View | Modify | Create | Collaborate
Why? While the Covid-19 outbreak and associated lockdowns resulted in an uncertain outlook for the broader markets, the multi-billion-dollar Fed stimulus announced in late March helped the markets stage a strong recovery. Further, with economies opening up gradually and vaccines in place, industrial production and in-turn demand for railroad transportation will also increase, boding well for NSC stock.
Below are the key drivers of Norfolk Southern's value that present opportunities for upside or downside to the current Trefis price estimate:
For additional details, select a driver above or select a division from the interactive Trefis split for Norfolk Southern at the top of the page.
Norfolk Southern Corporation is one of the largest railroad companies in the Eastern United States, engaged primarily in the rail transportation of raw materials, intermediate products, and finished goods. Goods are primarily transported in the Southeast, East, and Midwest US, and via interchange services with rail carriers, to and from the rest of the United States. Norfolk Southern also transports overseas freight through several Atlantic and Gulf Coast ports.
Its principal subsidiary, Norfolk Southern Railway Company is wholly owned. NSC also has a joint ownership, along with CSX, of the Consolidated Rail Corporation. Norfolk Southern's route map covers most of the eastern United States, east of the Mississippi River, the District of Columbia, and the Canadian provinces of Ontario and Quebec, covering nearly 22 states. Norfolk Southern's primary competitor is CSX Corporation which covers much of the same territory.
The company operates on 19,500 miles of track out of which 14,711 is owned outright and the remainder is pursuant to trackage rights or leases. Norfolk Southern offers the most extensive intermodal network in the eastern half of the United States.
Norfolk Southern’s business mix includes coal, intermodal, and general merchandise which is composed of six major commodity groupings: automotive; chemicals; metals and construction; agriculture; consumer products, and government; as well as paper, clay, and forest products. Although the company's primary role is transporting freight, its non-carrier subsidiaries engage principally in the acquisition, leasing, and management of coal, oil, gas, and minerals; the development of commercial real estate; telecommunications; and the leasing or sale of rail property and equipment.
Norfolk Southern's earnings depend upon the volume of freight contracts it sells, and the price of those contracts, while its expenses primarily consist of labor, fuel costs, utilities costs, and track maintenance. The largest of Norfolk Southern's customers include steamship lines, vehicle manufacturers, agricultural companies, utilities, intermodal companies, and chemical manufacturers.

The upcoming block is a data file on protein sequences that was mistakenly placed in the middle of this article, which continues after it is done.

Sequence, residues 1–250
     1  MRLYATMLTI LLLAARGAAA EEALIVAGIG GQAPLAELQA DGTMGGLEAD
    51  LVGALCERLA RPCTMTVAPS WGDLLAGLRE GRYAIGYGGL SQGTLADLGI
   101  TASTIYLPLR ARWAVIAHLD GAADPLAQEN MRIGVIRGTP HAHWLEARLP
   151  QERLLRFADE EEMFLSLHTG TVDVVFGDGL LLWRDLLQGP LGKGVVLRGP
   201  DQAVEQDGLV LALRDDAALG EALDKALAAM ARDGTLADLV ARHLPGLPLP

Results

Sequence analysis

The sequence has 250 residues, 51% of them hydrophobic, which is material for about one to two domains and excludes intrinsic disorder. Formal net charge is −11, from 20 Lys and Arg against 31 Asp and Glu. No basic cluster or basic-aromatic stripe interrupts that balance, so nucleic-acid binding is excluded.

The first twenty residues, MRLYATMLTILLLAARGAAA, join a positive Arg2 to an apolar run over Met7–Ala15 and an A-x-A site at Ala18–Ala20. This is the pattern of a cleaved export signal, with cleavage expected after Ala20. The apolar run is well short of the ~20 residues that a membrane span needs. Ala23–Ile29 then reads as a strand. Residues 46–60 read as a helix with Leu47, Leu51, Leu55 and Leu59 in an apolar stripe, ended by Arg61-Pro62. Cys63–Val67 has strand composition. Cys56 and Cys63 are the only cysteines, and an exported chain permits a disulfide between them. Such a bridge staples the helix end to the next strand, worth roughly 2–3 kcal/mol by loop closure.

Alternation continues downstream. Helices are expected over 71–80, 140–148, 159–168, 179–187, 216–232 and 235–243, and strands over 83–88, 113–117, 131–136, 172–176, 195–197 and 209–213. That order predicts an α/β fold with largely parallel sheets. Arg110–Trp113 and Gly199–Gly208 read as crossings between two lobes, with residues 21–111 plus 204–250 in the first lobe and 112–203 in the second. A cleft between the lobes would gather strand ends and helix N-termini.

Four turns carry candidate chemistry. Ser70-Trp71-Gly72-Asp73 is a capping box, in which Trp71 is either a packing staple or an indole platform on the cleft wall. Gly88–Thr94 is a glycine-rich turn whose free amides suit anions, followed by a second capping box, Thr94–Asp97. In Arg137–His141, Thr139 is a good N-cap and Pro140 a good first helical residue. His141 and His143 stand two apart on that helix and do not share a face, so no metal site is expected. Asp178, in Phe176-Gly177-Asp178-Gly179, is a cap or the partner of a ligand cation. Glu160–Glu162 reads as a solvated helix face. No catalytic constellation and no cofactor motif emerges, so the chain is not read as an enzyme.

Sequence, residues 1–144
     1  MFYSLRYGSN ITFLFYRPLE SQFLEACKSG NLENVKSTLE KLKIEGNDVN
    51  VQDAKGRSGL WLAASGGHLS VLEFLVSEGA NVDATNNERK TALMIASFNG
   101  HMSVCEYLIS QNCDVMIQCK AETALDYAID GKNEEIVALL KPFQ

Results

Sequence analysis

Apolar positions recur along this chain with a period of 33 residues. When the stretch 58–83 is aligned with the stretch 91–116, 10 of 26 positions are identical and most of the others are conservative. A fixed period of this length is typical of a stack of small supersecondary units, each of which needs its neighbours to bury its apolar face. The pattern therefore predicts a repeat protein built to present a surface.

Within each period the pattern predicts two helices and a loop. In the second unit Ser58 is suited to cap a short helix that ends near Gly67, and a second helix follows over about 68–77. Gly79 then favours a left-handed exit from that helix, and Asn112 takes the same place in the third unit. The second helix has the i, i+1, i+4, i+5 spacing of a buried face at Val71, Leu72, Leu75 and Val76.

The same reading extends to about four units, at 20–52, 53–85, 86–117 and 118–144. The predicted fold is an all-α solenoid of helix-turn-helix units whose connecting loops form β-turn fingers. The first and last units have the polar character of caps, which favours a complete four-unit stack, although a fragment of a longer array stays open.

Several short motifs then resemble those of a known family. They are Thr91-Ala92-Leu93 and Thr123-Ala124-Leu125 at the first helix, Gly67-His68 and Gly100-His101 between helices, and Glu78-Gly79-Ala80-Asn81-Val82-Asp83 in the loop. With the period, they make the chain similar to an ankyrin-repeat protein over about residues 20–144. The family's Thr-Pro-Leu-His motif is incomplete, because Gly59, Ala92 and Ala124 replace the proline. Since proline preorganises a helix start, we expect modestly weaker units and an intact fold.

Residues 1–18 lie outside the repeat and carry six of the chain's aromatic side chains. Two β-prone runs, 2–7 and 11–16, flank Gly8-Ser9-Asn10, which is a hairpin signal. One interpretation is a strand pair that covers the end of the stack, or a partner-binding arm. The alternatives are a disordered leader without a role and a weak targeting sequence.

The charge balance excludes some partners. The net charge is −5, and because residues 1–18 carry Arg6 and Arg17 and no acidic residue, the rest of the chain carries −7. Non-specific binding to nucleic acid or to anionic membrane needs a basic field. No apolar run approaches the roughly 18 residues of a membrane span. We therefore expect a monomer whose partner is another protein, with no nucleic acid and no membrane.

We believe the Merchandise freight division is the most valuable division, and it accounts for roughly 60% of Norfolk Southern's total value. The key factors responsible for this are:
Declining fleet sizes and inadequate availability of truck drivers have significantly tempered the freight transport capacity of the trucking industry. The Hours-of-Service safety regulation for commercial vehicle drivers has put pressure on trucking capacity by limiting the number of working hours for truck drivers. The tight trucking capacity will lead to high volumes of freight shifting to railroads. As the demand for railroads’ services increase, so will their pricing power. This provides an opportunity for Norfolk Southern to corner a larger share of U.S. intermodal shipments.
Robust growth in U.S. oil and gas output as a result of the shale boom boosted the shipments of the Chemicals Freight division, which transports a range of petrochemicals and related products, over the past few years. Though Norfolk's Chemicals shipments didn't see any growth in 2017, shipments are expected to recover somewhat as a result of the recent increase in oil prices. Current shipment levels of Chemicals freight are enough to make this the company's third most valuable division, though the situation may change if the division's shipments fall sharply due to an extended downturn in oil prices.
The 2020 coronavirus crisis has had a significant impact on railroad companies, due to an overall decline in manufacturing, lower consumer demand amid lockdowns, lower oil prices impacting production and transportation of oil and related products, as well as lower power consumption and lower natural gas prices resulting in lower demand for coal.
However, as we approach toward the end of Q2 2021, 45% of the U.S. population is fully vaccinated for Covid-19. This means the economy will likely open up sooner and this will bode well for railroad companies, including Norfolk Southern.
Norfolk Southern's coal shipments have declined over the recent quarters. This can be attributed to trends in the natural gas prices, lower exports, amid trade tensions, and a decline in coal production. Any significant growth is unlikely in the near term, given the trends in coal market. With gas prices being more attractive, the dependency on coal as an energy source continues to come down. In fact, as per EIA estimates, coal consumption over the last couple of years has been the lowest coal consumption years over the last few decades.